We already mentioned Love Lane so make sure to grab a drink there and walk down Chulia Street - tons of good food and street art.  (The intersection of Chulia Street and Love Lane is considered ground-zero for the backpacker’s area as well.)

Little India - great restaurants! If you are like us and you love Indian food then this is the place for you, cheap and delicious! 

Armenian Street - another touristy but lovely street, the buildings still have the old, authentic look from the past. Another great place to spot some street art. 



Where to stay:

When we were in Penang we stayed on Love Lane at Casa 56. Please do not stay there, do not waste your time. While the facilities were fairly clean, the noise was even worse than KL. Right below the bedrooms is the lounge/bar of the hostel and they blast loud music from 9 am to 1 am every day. Now, that might not be a deal-breaker for you, but just know it is the same 12 songs for 14 hours straight… and when we say loud, we mean loud. We couldn't even have a normal conversation in some areas. 


Places to eat: 

Check out the restaurants on Love Lane - there are several cafes and coffee shops, our favorite Wheeler’s Coffee. The food and drinks were amazing and the staff is really, really nice! There are plenty of options on Love Lane - from Western food to traditional Malay. 

Another favorite, is Woodland Vegetarian Restaurant in Little India, it is a great Indian restaurant with delicious food and everything is vegetarian! 


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From George Town take the morning ferry to Langkawi for 60 MYR per person. It’s a fast ferry so from Penang to Langkawi it takes about 3 hours, give or take a few minutes. 

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Stop 4: Langkawi (3-4 days) 

Langkawi, Malaysia July 2017

A beautiful island right off the border of Thailand and Malaysia. In fact, they have ferries from Langkawi to Thailand that only take 45 minutes! What to do there? Relax, and go to the beach! Take a tour. Like I said, tours are not our favorite but Langkawi is fairly big and unless you want to rent a scooter then you have to either take taxis or get a tour. We decided not to take cabs or Uber as it can get pretty expensive. We could have rented a scooter and we contemplated getting one but when we spoke with several locals they cautioned against it as the police are quite strict and you must have the International Driver’s Permit and in some cases a Motorcycle License. In the end, we decided against operating a motor vehicle since we don't have the International Driver’s Permit. The police are very corrupt so you can always bribe them but some of them will still give you a ticket and/or take you to jail. Since we didn't want to visit any jails while in Malaysia (or anywhere as a matter of fact) we chose to take a tour which happened to be really fun. The tour was pretty standard and every single tour agent offered a slightly different version of it. Unfortunately, we do not remember which company we went with but the name of the tour was Mangrove Tour! It cost us a total of 160 MYR for 6 hours of entertainment which included: transport to and from our hotel, checking out the Bat Cave, feeding fruit to some cute, little monkeys (who swam onto our boat - SO COOL), Eagle watching, visiting a Fish Farm, eating a delicious lunch (free), an hour of beach time, and learning about and seeing the Mangrove forest up close and personal. We pretty much spent the day on a boat circling around the island and enjoying everything it has to offer.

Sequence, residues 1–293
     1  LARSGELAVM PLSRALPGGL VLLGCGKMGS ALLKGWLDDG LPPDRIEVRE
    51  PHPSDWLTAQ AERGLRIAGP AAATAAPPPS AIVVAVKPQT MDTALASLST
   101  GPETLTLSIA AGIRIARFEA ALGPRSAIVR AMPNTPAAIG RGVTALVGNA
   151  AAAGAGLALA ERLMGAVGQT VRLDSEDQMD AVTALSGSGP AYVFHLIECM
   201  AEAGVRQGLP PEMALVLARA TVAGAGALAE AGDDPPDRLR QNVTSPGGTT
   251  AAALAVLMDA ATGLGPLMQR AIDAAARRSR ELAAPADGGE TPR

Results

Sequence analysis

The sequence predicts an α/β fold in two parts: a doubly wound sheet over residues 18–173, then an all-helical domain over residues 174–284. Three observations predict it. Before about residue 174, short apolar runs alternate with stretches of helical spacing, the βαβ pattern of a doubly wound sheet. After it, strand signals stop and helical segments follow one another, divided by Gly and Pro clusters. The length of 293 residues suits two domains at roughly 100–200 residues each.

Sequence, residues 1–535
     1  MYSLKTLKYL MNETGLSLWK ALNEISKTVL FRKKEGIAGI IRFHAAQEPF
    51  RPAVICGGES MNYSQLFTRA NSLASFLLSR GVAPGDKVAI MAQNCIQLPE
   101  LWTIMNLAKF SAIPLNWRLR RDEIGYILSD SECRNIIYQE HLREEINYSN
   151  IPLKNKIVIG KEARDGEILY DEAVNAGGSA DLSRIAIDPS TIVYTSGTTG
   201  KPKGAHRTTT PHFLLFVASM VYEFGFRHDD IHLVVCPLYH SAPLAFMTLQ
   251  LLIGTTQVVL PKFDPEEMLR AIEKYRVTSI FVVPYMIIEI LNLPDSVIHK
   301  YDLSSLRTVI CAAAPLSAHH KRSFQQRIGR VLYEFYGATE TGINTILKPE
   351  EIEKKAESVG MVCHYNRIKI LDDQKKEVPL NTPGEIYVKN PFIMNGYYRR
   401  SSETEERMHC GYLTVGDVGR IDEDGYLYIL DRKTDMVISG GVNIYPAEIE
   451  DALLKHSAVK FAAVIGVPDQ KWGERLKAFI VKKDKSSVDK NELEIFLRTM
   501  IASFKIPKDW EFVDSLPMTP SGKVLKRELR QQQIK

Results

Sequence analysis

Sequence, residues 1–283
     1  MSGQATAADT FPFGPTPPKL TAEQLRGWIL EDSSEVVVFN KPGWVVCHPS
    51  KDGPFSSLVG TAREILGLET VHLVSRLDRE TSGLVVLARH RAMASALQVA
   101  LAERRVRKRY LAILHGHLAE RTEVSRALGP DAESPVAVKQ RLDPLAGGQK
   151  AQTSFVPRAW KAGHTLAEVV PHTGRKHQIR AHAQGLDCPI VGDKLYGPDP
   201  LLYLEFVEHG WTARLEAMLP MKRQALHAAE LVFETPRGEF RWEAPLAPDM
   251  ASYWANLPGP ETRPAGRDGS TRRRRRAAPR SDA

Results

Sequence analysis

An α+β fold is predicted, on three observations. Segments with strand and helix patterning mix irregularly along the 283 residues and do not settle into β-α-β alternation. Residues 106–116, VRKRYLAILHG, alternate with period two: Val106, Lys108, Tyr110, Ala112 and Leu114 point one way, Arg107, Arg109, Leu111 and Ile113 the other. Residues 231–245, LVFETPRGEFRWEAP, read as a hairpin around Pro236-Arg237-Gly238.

Where to stay:

We used an AirBnB which was located about 15 minutes away from downtown Langkawi (or the main street which is home to all restaurants and bars). Our little apartment was located in an area known as the Village and we were surrounded by locals which was quite nice. It was amazing not being surrounded by other tourists but still being so close to the action. Find the link it here. 


Where to eat: 

One of our favorite restaurants in Langkawi was Yasmin Syrian Restaurant - they offer a variety of Arabic dishes and everything we tried was delicious. Try the falafel shawarma! Yum!


So here it is - two weeks in Malaysia! You can always extend the suggested itinerary by visiting Team Negara (national park) as well as spending longer than just a few days at each place. 

The nice scenery, the food options and the affordability of Malaysia make this country a great spot for every type of traveller. And the locals are just the cherry on top! We were amazed by how nice the locals are, seriously some of the nicest people we have ever had the pleasure of meeting! If we have to be completely honest, however we cut our timeline a bit shorter than originally planned. Why? In our opinion, especially in comparison with other popular backpacker’s destinations, Thailand for example, Malaysia is more family oriented as it offers a ton of family-friendly activities. It is a great place to go on “holiday” but does not have that “backpacker” vibe. And while we would like to think of ourselves as pretty chill and flexible the fact that we had to partake in organized tours and rely on guides was a little of a drawback for us.